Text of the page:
Issue: H.Con.Res. 96 Establishing the budget for the United States Government for fiscal year 2015 and setting forth appropriate budgetary levels for fiscal years 2016 through 2024.
Result: Passed in House, 219 to 205, 8 not voting. Republicans scored.
From the Congressional Research Summary (emphasis added):
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Title II: Recommended Long-Term Levels – (Sec. 201) Lists recommended revenue, spending, and deficit levels and amounts for FY2030, FY2035, and FY2040 as a percent of the federal gross domestic product (GDP) with respect to: (1) federal revenues, (2) budget outlays, (3) deficits, and (4) debt.
Title III: Reserve Funds – (Sec. 301) Authorizes a certain reserve fund to repeal the Patient Protection and Affordable Care Act and the health care-related provisions of the Health Care and Education Reconciliation Act of 2010 (2010 health care laws).
(Sec. 302) Authorizes certain deficit-neutral reserve funds [partial list]:
- for rural counties and schools
- to reform policies and programs to reduce poverty and increase opportunity and upward mobility.
Analysis: As GOP House leaders were drumming up support for their forthcoming budget, Washington’s Roll Call (3-21-14) reported: “Majority Leader Eric Cantor is telling House Republicans they will produce a budget that adheres to [negotiated] spending limits and balances the budget in ten years.”
Unfortunately, each year the GOP leadership misleads gullible conservatives by championing a balanced budget — albeit far in the future. Adherence to the Constitution can produce major cuts in federal spending now, whereas setting goals for future Congresses to exercise more fiscal discipline is pure deception.
Moreover, as the provisions cited above show, the GOP proposed budget implicitly accepts unconstitutional programs, merely calling for reform or limiting federal spending to what America can ostensibly afford.
Pursuant to the Congressional Budget and Impoundment Control Act of 1974, this year’s budget resolution, sponsored by Budget Committee Chairman Paul Ryan, will not even bind appropriation committees to a ceiling, unless both the House and Senate agree to a compromise — not in the cards.
So the roll call was largely symbolic, allowing lawmakers an opportunity to showcase their spending priorities. The vote is nevertheless significant, because it identifies which GOP congressmen are adhering to their party leadership, as opposed to their oath to uphold the Constitution.
Perhaps the good news is that 12 Republicans broke with their party leadership and opposed the resolution: Georgia representatives Paul Broun, Phil Gingrey, Jack Kingston, and Austin Scott; Walter Jones (NC–3); Thomas Massie (KY–4); Rick Crawford (AR–1); Chris Gibson (NY–19); Ralph Hall (TX–4); David Jolly (FL–13); David McKinley (WV–1); and Frank LoBiondo (NJ–2). Only the latter two, McKinley and LoBiondo, indicated they objected to the budget because specific cuts were too deep.
Although the GOP budget resolution did respect the established sequester caps, those caps, providing a minor, but welcome restraint on spending, were increased in the Bipartisan Budget Act enacted last December. 62 GOP representatives properly opposed that act, which was pushed through with Democratic help, but many of those 62 accepted the higher caps in supporting the Ryan budget resolution.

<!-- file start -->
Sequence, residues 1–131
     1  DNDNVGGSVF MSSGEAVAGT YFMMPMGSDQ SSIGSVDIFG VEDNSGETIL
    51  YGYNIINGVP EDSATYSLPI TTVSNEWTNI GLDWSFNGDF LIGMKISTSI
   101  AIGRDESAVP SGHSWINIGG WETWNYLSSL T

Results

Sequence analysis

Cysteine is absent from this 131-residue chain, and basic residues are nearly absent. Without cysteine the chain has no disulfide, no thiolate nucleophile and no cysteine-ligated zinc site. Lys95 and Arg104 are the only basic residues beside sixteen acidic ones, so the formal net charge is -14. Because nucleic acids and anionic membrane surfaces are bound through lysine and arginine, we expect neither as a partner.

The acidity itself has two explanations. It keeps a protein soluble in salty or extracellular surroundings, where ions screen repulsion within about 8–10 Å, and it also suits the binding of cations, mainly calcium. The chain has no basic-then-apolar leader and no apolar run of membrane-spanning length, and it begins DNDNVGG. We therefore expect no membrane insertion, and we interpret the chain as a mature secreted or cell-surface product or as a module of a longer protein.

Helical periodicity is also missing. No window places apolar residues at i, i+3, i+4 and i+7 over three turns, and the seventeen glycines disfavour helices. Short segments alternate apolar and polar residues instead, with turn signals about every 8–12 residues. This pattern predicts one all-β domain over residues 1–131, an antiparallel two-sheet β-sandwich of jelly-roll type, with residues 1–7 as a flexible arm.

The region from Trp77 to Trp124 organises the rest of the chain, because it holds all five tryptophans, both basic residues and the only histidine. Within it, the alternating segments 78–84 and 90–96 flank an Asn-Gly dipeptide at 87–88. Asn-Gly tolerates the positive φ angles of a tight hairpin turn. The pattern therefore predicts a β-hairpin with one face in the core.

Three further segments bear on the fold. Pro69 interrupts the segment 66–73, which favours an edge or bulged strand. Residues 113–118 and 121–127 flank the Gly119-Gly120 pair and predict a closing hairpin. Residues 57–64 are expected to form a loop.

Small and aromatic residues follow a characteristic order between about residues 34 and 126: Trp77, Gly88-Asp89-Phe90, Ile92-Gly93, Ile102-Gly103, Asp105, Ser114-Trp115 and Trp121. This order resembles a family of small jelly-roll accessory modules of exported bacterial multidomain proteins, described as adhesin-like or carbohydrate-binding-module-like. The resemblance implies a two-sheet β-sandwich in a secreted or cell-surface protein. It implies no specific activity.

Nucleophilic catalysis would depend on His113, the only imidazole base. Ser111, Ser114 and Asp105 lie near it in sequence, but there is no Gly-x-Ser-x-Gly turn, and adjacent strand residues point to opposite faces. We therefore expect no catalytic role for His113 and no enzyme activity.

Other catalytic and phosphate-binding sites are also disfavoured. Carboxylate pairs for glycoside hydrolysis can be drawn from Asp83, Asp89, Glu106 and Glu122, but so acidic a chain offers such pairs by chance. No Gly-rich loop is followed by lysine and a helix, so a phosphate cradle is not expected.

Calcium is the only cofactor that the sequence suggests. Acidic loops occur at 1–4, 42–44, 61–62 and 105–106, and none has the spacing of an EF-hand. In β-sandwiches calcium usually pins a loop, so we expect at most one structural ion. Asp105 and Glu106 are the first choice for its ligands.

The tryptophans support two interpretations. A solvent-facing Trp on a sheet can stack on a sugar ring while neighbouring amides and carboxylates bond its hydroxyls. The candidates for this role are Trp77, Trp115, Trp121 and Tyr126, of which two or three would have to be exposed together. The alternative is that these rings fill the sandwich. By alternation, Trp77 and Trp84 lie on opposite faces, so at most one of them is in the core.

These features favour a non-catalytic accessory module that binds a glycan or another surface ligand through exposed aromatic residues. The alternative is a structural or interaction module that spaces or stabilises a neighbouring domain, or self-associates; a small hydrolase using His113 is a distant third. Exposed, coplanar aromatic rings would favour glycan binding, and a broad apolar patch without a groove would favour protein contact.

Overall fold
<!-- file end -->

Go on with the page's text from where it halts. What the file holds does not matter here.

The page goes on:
Of course, liberal Democrats howled that the cuts proposed by the Ryan budget resolution were too severe. (In fact, no Democrat supported it.) Nancy Pelosi called the GOP budget plan “a road to recession.” However, such opposition from prominent liberals simply provides the GOP with cover for continued destructive leadership.
Federal spending in excess of revenue is only one part of America’s economic problems. The far bigger problem is the driver of out-of-control spending — a Congress willing to ignore constitutional restraints.
Even a balanced budget, if still bloated with unconstitutional spending that consumes America’s productivity, is no gift. Merely keeping the patient alive is not a sufficient goal; instead, America should seek to restore unprecedented economic vitality in the private sector. And it can do so, simply by putting the federal monster back in its cage —the Constitution.
Freeing up the private sector requires killing the driver of our financial mess — a long history of Congress trashing the constitutional limits on what the federal government should be involved in. In more recent times, the Establishment media has helped perpetuate that usurpation by keeping public attention focused on an entertaining partisan political debate over spending levels, while ignoring the important — the massive unconstitutional activity bloating the federal budget.
Without a more permanent public focus on the importance of constitutional restraints, any small victories in limiting spending today will be more than offset by further unconstitutional spending tomorrow, driven by new pretexts, when busy voters are asleep.
A better informed public must also insist that the House use its power of the purse aggressively to force the other branches to accept a roll back of unconstitutional programs. Such tough medicine won’t be administered as long as the public tolerates the “conservative” House strategy of bringing big-spending liberals to the negotiating table.
We have assigned (good vote) to the Nays and (bad vote) to the Yeas. (P = voted present; ? = not voting; blank = not listed on roll call.)